People with depression, addictions and eating disorders may not believe that they have much in common. But at the root of many mental health problems are distorted thoughts and beliefs that chip away at the individual’s self-image.

An inner dialogue that includes messages such as “I’m not good enough” or “Nothing ever goes my way” engenders painful emotions. This combination of negative thoughts and feelings may prompt a need to escape or self-medicate with drugs, alcohol, food, sex and other risky behaviors.

This self-destructive cycle can be halted through cognitive-behavioral therapy (CBT), a type of psychotherapy that is backed by research as a treatment for a wide range of mental health disorders. CBT is targeted at 10 common thought patterns:

#1 All-or-Nothing Thinking
Also known as black or white thinking, this thought pattern is grounded in extremes. One misstep on a diet is grounds for complete abandonment of a healthy lifestyle. Falling short of perfection translates into complete failure. Common vocabulary includes words such as never, always and forever instead of more accurate and realistic descriptions.

#2 Overgeneralization
One unwanted event or experience leads to the general conclusion that nothing ever goes right. A low grade in school, a rejection from a love interest or criticism at work can be generalized into feelings of defeat and failure. Since all other cases will be the same, you lose the motivation to take risks and keep trying.

#3 Mental Filter
Everything goes right but one little detail was off. Rather than feeling good and focusing on the positive, you dwell on the one negative detail. You don’t choose what happens to you, but you can choose how you respond. If you filter out all of the positives, you will miss out on all of the great things life has to offer.

#4 Disqualifying the Positive
By disqualifying the positive, you turn even the best things in life into a negative. A good job is never good enough. Even if you achieve your goals, you minimize your accomplishments and believe anyone could’ve done what you did. A common example is assuming someone compliments you only because they want something.

#5 Jumping to Conclusions
Even in the absence of facts, you have a negative interpretation. For example, you arbitrarily conclude that someone dislikes you despite a lack of evidence. Or perhaps you assume that something will go wrong – you’ll fail a test or get passed over for a promotion – to protect yourself from possible disappointment. In most cases, these worries and fears are wholly unfounded and never come to fruition.

#6 Magnification and Minimization
In addition to minimizing your positive traits, you exaggerate your shortcomings or problems. Focusing on the bigger picture will help keep the minor mistakes and problems in perspective.

#7 Emotional Reasoning
Feelings are treated like facts in your mind, rather than subjective perceptions that change over time. For example, feelings of guilt mean you’re a terrible person and being afraid of something means you’re in real danger.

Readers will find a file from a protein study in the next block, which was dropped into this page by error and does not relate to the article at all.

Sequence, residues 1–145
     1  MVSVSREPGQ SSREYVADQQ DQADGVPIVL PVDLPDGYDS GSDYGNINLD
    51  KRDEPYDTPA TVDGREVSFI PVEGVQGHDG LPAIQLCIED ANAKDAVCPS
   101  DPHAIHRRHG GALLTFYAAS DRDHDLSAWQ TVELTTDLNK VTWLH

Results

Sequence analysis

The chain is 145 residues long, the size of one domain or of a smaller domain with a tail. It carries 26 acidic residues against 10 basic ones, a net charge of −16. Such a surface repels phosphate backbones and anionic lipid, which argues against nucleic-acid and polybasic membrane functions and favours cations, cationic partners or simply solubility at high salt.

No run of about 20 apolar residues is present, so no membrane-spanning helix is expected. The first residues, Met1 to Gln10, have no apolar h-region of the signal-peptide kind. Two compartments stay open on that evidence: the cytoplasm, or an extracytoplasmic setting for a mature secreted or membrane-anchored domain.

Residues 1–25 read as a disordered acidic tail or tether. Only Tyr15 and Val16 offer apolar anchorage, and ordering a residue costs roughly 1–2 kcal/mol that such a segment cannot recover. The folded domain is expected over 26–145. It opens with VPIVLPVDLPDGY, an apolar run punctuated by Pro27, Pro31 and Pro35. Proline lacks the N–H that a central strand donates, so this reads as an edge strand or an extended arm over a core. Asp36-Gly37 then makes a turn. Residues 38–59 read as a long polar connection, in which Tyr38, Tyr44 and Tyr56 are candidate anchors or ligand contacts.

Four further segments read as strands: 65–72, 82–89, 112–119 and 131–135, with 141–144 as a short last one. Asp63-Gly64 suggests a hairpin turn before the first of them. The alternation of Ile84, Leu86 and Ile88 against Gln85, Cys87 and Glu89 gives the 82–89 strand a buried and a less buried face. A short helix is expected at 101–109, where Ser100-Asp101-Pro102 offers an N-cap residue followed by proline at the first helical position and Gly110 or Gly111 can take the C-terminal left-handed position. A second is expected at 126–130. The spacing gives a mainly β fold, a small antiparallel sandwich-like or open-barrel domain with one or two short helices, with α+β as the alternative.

#8 Should Statements
You feel disappointed, guilty, frustrated or angry when things don’t go the way you had hoped or expected. Self-talk commonly includes words such as should, must, have to and ought to. In addition to having unrealistic expectations for yourself, you demand a lot from others and get upset when they fall short. Should statements can be combated by working on the things you can change and accepting the rest.

#9 Labeling and Mislabeling
Labeling relies on the premise that you are what you do. Rather than describing specific actions and behaviors, you give yourself (and others) a label. For example, making a mistake earns you the label of “loser” or “failure” in your own mind.

Labels are abstractions that serve little purpose other than to frustrate and lower self-esteem. Sometimes they become self-fulfilling prophecies. When directed at others, labels allow you to brand people as “bad” rather than recognizing a problem with their thinking or behavior (or your own).

#10 Personalization
An event that isn’t entirely within your control becomes your fault because you hold yourself personally responsible. If a child gets a poor grade in school, the mother may tell herself that this shows what a bad mom she is instead of helping her child. Personalization commonly leads to feelings of shame, inadequacy and guilt. Some people go to the other extreme, blaming others for their problems rather than accepting their role.

If you recognize these faulty ways of thinking in yourself, you’re missing out on all the shades of gray that life has to offer. Negativity can infect every area of your life, leading to depression, anxiety, addictions, eating disorders and other mental health issues. Identifying these patterns and challenging yourself to a more realistic viewpoint can improve your relationship with yourself and others.


Choose a better life. Choose recovery.